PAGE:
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How to protect providers' access to patient data

September 24, 2014

    Clare Rizer, Daily Briefing

    In today's Daily Briefing, we explained how German-based EHR vendor CompuGroup blocked Full Circle Health Care's access to about 4,000 patient records after the small medical practice allegedly failed to pay up to $20,000 in fees over a 10-month period. The lockout left nurses and doctors unable to use the system to access patients' records.

    See the full story in today's Daily Briefing

    When I asked our Advisory Board experts for their thoughts on the story, they all said the same thing: "I've never heard of this happening before." (Which is good, considering the patient harm that could come from providers being unable to access patient records.)

    According to our experts, the biggest takeaway for providers is the importance of carefully reviewing all business contracts before signing them.

    "How could CompuGroup's fees jump from $300 to $2,000 per month? Why is there no dispute resolution defined?" asks Health Care IT Advisor (HCITA) executive director Jim Adams. He says that practices of all sizes must have knowledgeable legal professionals review all of their vendor contracts.

    "A well-constructed contract will include service level agreements and specific dispute resolution processes and remedies, to protect both parties, and by extension the patients," says Meg Aranow, senior research director for HCITA.

    The contract should also make clear that the health system owns the patient data—not the vendor, HCITA managing director Kenneth Kleinberg told me. He adds that contracts should contain specific provisions—with third parties if necessary—to provide access to patient data in an emergency or a situation like the one with Full Circle.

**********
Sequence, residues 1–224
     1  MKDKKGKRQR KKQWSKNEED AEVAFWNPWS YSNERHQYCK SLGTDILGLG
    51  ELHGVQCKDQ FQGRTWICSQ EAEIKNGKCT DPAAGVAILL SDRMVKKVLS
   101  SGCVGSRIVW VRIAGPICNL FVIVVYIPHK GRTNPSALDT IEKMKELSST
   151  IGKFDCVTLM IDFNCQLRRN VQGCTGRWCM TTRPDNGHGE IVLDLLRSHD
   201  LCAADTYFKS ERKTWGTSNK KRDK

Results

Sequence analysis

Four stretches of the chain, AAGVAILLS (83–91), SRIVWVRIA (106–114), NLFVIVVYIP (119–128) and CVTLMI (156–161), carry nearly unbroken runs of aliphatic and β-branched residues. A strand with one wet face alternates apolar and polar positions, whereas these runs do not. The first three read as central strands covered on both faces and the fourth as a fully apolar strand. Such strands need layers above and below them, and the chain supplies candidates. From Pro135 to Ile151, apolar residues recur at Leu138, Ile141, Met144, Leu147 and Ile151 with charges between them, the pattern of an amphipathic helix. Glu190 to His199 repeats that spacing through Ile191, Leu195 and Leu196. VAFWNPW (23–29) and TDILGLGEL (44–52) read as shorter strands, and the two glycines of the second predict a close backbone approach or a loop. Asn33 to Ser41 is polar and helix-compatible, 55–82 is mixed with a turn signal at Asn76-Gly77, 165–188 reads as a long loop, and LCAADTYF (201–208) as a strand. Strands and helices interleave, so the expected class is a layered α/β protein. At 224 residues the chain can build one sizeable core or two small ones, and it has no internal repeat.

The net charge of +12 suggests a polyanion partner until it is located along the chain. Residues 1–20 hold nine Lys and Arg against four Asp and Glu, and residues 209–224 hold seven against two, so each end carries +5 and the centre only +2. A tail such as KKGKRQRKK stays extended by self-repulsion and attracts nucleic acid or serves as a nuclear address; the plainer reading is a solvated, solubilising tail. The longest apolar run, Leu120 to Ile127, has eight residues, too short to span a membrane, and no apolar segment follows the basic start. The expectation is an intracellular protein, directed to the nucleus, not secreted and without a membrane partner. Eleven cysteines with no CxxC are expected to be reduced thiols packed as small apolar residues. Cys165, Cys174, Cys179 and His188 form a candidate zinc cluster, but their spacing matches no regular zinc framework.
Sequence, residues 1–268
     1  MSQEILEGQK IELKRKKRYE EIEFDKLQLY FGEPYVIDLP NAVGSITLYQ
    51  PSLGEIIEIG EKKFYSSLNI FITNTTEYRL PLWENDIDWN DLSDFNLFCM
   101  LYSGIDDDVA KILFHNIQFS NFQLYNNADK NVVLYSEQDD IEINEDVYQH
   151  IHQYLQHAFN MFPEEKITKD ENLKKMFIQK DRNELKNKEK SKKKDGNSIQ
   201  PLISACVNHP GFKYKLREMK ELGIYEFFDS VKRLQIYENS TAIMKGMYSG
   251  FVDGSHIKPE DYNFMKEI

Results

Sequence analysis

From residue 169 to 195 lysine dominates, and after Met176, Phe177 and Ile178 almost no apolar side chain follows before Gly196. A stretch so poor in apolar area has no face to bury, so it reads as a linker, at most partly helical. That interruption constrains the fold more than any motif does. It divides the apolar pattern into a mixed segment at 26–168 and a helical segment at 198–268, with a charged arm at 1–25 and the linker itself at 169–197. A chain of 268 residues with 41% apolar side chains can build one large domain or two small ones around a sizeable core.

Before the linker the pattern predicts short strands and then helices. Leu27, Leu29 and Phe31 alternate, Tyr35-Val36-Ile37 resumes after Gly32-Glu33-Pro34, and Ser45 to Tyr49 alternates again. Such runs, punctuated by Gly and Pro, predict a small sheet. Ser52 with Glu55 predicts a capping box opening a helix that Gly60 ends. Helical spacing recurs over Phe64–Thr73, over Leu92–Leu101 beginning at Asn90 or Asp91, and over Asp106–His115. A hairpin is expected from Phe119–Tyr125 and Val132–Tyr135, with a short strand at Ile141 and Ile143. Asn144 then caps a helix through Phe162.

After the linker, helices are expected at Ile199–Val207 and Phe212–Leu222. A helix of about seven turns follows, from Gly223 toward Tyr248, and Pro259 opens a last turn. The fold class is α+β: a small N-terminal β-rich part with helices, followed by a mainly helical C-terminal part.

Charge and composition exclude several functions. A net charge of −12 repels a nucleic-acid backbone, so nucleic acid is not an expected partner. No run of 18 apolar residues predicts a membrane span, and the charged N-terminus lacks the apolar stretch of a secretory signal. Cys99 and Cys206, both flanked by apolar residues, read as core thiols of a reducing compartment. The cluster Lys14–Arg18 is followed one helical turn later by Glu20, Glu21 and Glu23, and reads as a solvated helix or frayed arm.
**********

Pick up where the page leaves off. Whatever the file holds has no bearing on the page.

Kleinberg also notes that—when it comes to EHR vendors—"there is some safety in numbers." Namely, he says that providers may have more influence when they work with a vendor used by many other organizations.

    At the end of the day, HCITA senior research director Doug Thompson says, "The vendor has done irreparable damage to its reputation and its market prospects in the United States. No amount of money is worth that."

    Vendor evaluation: How six enterprise EHR vendors stack up

    Providers seeking to consolidate their vendor portfolios must seek out a vendor that minimizes integration challenges and support challenges—in other words, a single source based on an enterprise architecture. And with the staggering costs of health care IT and EHRs, organizations must carefully weigh their options.

    We selected six of the leading enterprise EHR vendors to evaluate based on seven major criteria, both short-term and long-term, taking into consideration everything from support and services to overall vision and leadership.


    More on Epic. Learn how leading organizations are taking an aggressive "advise and consent" approach to Epic implementations—allowing them to benefit from Epic's strengths while taking ownership of factors critical to success. Get the briefing now.

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